Nikki Webb: The Evolution From Athlete to Athletic Trainer


Photo Courtesy of Nikki Web

Nikki Webb, pictured during a July 2016 wrestling NYU Global trip to Germany, Austria and Prague, where she volunteered.

By Trevor Francesconi , Contributing Writer

Coordinator of Athletic Training at NYU Nikki Webb has become a queen of the balancing act as she expertly navigates between her kids in the training room and her son back home in New Jersey.

Webb has been at NYU for over a decade, and has taken charge of the strength and conditioning program for all varsity sports since 2012. Webb has always enjoyed being outside and played a plethora of sports throughout her childhood, including softball, volleyball, basketball, track, golf and soccer. Born in Minnesota, she moved to Florida during her high school years and became serious about soccer, playing in club, high school and the Olympic Development Program.

While attending the University of South Florida, Webb worked with the women’s soccer team as an athletic training student, participating in active training with a particular player recovering from an ACL injury. Although she did not originally play on the school’s soccer team, things changed in her senior year.

“I went to college originally thinking my soccer-playing days were over since I did not play [during] my freshman to junior years,” Webb said.

After the USF’s women’s soccer coach learned about Webb’s experience in the sport, he invited her to join the team. Webb revived her soccer career and played for the Division I team for part of her senior year as well as for one year of graduate school, splitting her time between internship hours, her graduate degree and the soccer team.

As an undergraduate, Webb took advantage of every academic and extracurricular resource available to her, determined to expand her skillset and develop knowledge for her future profession.

“I was able to obtain my national certification through an athletic training internship program,” Webb said.  “This gave me a lot of hands-on experience working with a wide variety of sports.”

Since joining the NYU athletic training department in 2006, Webb has worked with hundreds of athletes across various sports, helping with injury rehab and weekly treatment. Sophomore swimmer Elle Tucker recently suffered an injury in the varsity weight room and greatly appreciated Webb’s friendly demeanor. Tucker stressed that Webb is always willing to talk and cares about each and every one of the team members getting the help they need.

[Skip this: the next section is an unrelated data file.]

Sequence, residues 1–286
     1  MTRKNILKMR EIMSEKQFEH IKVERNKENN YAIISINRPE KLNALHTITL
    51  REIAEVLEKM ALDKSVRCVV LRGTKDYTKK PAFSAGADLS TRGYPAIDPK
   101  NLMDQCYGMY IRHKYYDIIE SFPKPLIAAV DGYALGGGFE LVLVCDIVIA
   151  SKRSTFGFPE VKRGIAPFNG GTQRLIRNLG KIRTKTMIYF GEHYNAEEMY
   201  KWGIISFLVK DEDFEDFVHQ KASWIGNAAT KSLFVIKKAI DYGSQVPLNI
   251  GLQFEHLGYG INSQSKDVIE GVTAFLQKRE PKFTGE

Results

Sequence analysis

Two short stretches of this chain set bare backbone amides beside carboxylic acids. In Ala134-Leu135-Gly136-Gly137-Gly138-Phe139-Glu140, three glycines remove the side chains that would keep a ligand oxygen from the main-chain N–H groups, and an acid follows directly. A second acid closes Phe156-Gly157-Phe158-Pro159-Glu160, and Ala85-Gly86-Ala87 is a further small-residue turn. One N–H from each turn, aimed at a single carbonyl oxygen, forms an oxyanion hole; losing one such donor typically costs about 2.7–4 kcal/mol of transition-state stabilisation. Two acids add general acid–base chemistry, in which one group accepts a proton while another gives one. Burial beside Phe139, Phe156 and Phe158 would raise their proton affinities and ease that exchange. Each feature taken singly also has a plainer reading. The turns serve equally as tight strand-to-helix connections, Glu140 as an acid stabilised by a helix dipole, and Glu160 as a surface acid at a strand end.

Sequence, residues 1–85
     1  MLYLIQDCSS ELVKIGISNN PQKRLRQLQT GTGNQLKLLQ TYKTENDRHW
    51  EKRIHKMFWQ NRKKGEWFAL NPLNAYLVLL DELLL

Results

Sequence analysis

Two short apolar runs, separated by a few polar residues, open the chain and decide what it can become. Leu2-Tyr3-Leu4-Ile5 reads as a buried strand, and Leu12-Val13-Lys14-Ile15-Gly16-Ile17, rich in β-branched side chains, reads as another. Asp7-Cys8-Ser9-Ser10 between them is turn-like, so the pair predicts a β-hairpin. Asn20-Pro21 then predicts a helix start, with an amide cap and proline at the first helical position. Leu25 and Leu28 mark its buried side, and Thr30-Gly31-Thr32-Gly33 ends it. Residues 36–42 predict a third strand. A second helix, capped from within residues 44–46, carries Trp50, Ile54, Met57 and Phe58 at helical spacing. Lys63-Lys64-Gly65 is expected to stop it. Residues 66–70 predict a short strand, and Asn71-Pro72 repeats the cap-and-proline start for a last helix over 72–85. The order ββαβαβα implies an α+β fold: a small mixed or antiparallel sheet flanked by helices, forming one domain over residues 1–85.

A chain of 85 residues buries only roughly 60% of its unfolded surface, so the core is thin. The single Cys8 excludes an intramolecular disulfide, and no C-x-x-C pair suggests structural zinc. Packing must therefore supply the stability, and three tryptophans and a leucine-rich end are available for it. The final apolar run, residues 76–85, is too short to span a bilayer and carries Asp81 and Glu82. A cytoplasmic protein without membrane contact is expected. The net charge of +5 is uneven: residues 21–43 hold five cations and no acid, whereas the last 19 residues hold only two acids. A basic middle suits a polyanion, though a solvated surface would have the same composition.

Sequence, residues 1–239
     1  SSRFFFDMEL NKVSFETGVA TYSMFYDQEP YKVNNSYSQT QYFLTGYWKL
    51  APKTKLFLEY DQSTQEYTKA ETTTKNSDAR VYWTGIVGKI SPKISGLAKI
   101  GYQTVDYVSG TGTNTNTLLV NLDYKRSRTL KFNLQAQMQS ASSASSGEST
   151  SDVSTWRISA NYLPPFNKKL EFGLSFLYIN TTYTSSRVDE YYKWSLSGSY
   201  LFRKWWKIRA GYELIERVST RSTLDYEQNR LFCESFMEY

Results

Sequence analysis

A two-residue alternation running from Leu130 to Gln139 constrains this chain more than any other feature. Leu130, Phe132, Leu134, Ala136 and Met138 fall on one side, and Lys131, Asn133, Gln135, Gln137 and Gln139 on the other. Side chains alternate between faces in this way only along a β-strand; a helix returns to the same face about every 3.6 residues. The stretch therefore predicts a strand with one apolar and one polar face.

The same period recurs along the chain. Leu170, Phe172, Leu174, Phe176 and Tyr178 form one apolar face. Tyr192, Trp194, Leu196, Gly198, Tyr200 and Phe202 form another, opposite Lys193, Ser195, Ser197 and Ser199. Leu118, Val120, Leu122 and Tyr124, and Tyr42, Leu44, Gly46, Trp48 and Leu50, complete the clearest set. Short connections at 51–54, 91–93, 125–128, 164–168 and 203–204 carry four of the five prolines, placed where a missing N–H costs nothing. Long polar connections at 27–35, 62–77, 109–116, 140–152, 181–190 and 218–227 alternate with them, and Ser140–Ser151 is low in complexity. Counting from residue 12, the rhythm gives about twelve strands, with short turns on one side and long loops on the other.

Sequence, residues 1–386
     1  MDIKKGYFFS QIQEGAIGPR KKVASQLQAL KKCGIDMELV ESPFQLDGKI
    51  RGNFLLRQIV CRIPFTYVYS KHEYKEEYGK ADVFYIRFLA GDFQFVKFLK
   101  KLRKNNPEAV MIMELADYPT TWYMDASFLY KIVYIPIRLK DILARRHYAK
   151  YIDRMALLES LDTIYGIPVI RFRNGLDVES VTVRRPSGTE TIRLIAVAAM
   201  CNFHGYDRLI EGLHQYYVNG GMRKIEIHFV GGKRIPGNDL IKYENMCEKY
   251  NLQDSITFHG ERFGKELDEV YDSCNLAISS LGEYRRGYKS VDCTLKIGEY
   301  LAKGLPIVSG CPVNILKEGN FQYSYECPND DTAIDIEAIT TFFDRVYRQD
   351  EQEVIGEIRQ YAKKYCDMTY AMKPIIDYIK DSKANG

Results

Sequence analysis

“Nikki ordered me an Uber and sent me right up to the doctor,” Tucker said. “She even gave me her personal number to contact if I needed help over the weekend.”

SPS junior and women’s basketball guard Cassidy Fontana lauded Webb’s enthusiasm for the students she works with.

“I have had the pleasure of working with Nikki for the last three years due to [my] various injuries and she has been nothing but sincere, helpful and determined to get me better,” Fontana said. “Nikki always knows exactly how to make us feel better and always helps to provide us with treatment with a big smile on her face. She is one of our biggest fans, puts up with our complaining and has a high tolerance for anything sweaty, smelly or just straight up gross.”

When not working in Manhattan or traveling with a team, Webb spends time at home in Atlantic Highlands, N.J. with her husband Gedney and son Nolan. She enjoys attending her son’s sporting events, playing tennis, cycling and taking her dog for walks in the woods to destress after leaving work. During the summer, Webb retreats to a family cottage in Quebec to fish and enjoy the remoteness of the natural setting.

Webb acknowledges the difficulty of finding a healthy balance between her work and personal life as an athletic trainer.

“We can have very non-traditional work hours and sporadic schedules, and those can be very challenging hurdles to overcome when you have a family,” Webb said.

Coordinating NYU’s athletic department in an urban setting with no on-campus facilities adds a unique challenge to the athletics program.

“I have the mindset to be both the best athletic trainer that I can be as well as the best mom that I can be,” Webb said. “But that is much easier said than done!”

Webb credits her co-workers and NYU administrators for partnering with her in the collective effort to find the right balance between work and personal life.

The rapid evolution of the athletic training field has pushed Webb’s individual role within collegiate athletics. Webb’s extensive experience in athletic training makes her an integral part of NYU Athletics and its sports medicine department.

A version of this article appeared in the Monday, May 1 print edition. Email Trevor Francesconi at [email protected]